Marist College Penshurst was established, at the urging of Father Joseph Breen, the Parish Priest of St Declan’s, as “Marist Brothers Penshurst” in 1953 when Kogarah Marist could no longer accommodate the boys from the Penshurst area. The school opened with 160 Primary School boys in three classes, on 27 January of that year. 

MCP Opening Day 1953

Three Marist Brothers, Brother Leopold Smith, the first Principal, Brother Basil and Brother Sixtus formed the first community and ran the school. They lived in a house at 33 Victoria Avenue until a purpose built monastery was built on the school site in 1958. The building now houses the teaching and administrative staff. 

Brother Leopold was to see the first class through to the Intermediate Examination in 1957. 

Brother Thomas More Davison took over as Principal in 1960 and during the next few years he oversaw the construction of the oval, with the assistance of the parents and students. 

Brother Dunstan Cavanagh was appointed Principal in 1962 and during this time, Penshurst Marist became a Fourth Form school under the 1962 Wyndham Scheme. The school developed into a three-stream school in the Secondary classes; a new block of six classrooms and toilet facilities was opened in 1965; and in 1967 a new Primary School and Science Laboratories were built. 

The original 1953 building that now forms part of the La Valla Centre and the Library (Right)

Brother Simon Murphy became Principal in 1968. By now there was a community of nine Brothers and four lay teachers teaching 430 boys in both Primary and Secondary classes. 

Brother John Thompson took over the leadership of the school from 1974 until 1976. During these years the strong family community spirit which has always characterised the College became a notable feature of Penshurst Marist.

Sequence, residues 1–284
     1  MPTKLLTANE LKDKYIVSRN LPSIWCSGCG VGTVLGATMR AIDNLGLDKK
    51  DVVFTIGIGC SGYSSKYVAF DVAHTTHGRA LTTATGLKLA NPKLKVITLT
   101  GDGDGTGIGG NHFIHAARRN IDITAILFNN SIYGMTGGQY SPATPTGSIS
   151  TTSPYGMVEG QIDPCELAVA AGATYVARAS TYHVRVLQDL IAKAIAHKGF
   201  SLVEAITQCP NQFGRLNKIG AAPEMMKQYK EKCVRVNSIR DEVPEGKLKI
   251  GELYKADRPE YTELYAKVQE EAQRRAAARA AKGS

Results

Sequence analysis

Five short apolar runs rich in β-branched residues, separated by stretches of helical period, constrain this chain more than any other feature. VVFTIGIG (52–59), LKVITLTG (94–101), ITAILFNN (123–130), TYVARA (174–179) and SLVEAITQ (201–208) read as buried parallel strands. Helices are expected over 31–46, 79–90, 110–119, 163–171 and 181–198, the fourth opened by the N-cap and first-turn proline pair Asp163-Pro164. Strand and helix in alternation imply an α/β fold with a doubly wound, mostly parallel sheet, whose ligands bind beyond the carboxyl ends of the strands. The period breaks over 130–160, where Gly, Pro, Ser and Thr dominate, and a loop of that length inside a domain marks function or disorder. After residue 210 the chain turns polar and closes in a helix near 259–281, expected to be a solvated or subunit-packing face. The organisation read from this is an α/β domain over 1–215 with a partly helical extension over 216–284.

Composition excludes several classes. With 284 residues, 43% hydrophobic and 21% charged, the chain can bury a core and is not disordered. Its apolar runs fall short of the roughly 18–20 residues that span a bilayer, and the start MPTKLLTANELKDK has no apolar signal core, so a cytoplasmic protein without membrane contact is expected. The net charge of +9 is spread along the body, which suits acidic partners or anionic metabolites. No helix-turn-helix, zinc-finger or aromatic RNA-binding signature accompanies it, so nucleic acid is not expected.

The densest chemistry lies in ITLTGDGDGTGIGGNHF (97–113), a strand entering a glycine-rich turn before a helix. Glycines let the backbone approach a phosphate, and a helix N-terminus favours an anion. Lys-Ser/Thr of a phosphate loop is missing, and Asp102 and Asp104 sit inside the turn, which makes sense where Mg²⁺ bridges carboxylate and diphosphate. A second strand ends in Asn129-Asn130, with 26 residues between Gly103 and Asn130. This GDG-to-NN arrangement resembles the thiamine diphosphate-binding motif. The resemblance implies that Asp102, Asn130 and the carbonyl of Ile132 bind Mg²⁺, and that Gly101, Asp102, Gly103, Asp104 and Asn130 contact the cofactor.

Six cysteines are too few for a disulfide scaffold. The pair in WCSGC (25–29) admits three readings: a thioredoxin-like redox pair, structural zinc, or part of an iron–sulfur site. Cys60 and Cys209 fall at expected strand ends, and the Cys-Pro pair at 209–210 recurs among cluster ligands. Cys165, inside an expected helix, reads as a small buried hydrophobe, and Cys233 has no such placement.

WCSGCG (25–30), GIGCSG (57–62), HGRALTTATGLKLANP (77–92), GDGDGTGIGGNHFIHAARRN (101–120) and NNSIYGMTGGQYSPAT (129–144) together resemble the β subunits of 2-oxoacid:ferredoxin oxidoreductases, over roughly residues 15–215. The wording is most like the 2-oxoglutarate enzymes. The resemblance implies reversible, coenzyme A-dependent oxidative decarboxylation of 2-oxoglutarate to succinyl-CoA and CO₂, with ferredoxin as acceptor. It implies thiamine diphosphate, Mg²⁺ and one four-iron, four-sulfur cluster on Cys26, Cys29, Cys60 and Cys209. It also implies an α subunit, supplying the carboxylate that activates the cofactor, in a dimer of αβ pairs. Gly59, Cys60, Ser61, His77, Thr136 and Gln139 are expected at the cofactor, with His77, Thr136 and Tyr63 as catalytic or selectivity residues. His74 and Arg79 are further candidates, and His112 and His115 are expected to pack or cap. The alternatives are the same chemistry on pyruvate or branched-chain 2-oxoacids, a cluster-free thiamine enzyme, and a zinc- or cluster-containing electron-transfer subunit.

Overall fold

Brother Ronald Blyth, Principal from 1977 until 1980, led the school to its Silver Jubilee year in 1978. 

Brother Salvius Glass replaced Brother Ronald in 1981 and took the school into a new era over the next eight years. He, again, strengthened the renowned family spirit of the school and helped consolidate the values of the school after a period of social change which changed the nature of Australian society. His sudden death in 1989 produced an outpouring of grief that was quite marked: the display of affection and emotion was quite unprecedented and remains a tribute to a greatly loved Principal. 

Brother Neil O’Leary assumed the reins of leadership in 1990. It fell to him to phase out Primary education at Penshurst Marist in 1992, freeing classroom space for the increasing number of students in the Secondary school. This also allowed him to improve some of the specialty areas of Secondary education such as Technology and Applied Studies. To this end, he oversaw the construction of a new TAS block which straddles the bottom yard and the oval. Refurbishment of the old TAS area gave valuable space to the Music Department; the developing needs of Computer Technology were also catered for throughout several areas in the school. Under Brother Neil’s leadership the Parents and Friends Association flourished and this body was responsible for much fundraising over these and the following years in the form of the Art and Craft Show. 

Brother Neil was responsible for increasing the school enrolment from 400 to 530 students and also for a great improvement in the academic results of the school. He also oversaw the development of a strong Pastoral Care program and the cultivation of a greater sense of responsibility among the senior Year Ten students. 

Brother John McDonnell, Principal from 2000 until 2005, saw to the consolidation of the values and achievements of the 1990s and undertook a much needed refurbishment of many areas of the school. During his time the school celebrated its Golden Jubilee (2003). The courtyard area and the stained glass windows in the original 1953 building stand as testimony of Brother John’s work. 

Mr Tony Duncan, the first lay Principal of the school, saw the beginning of a new era for Marist College Penshurst.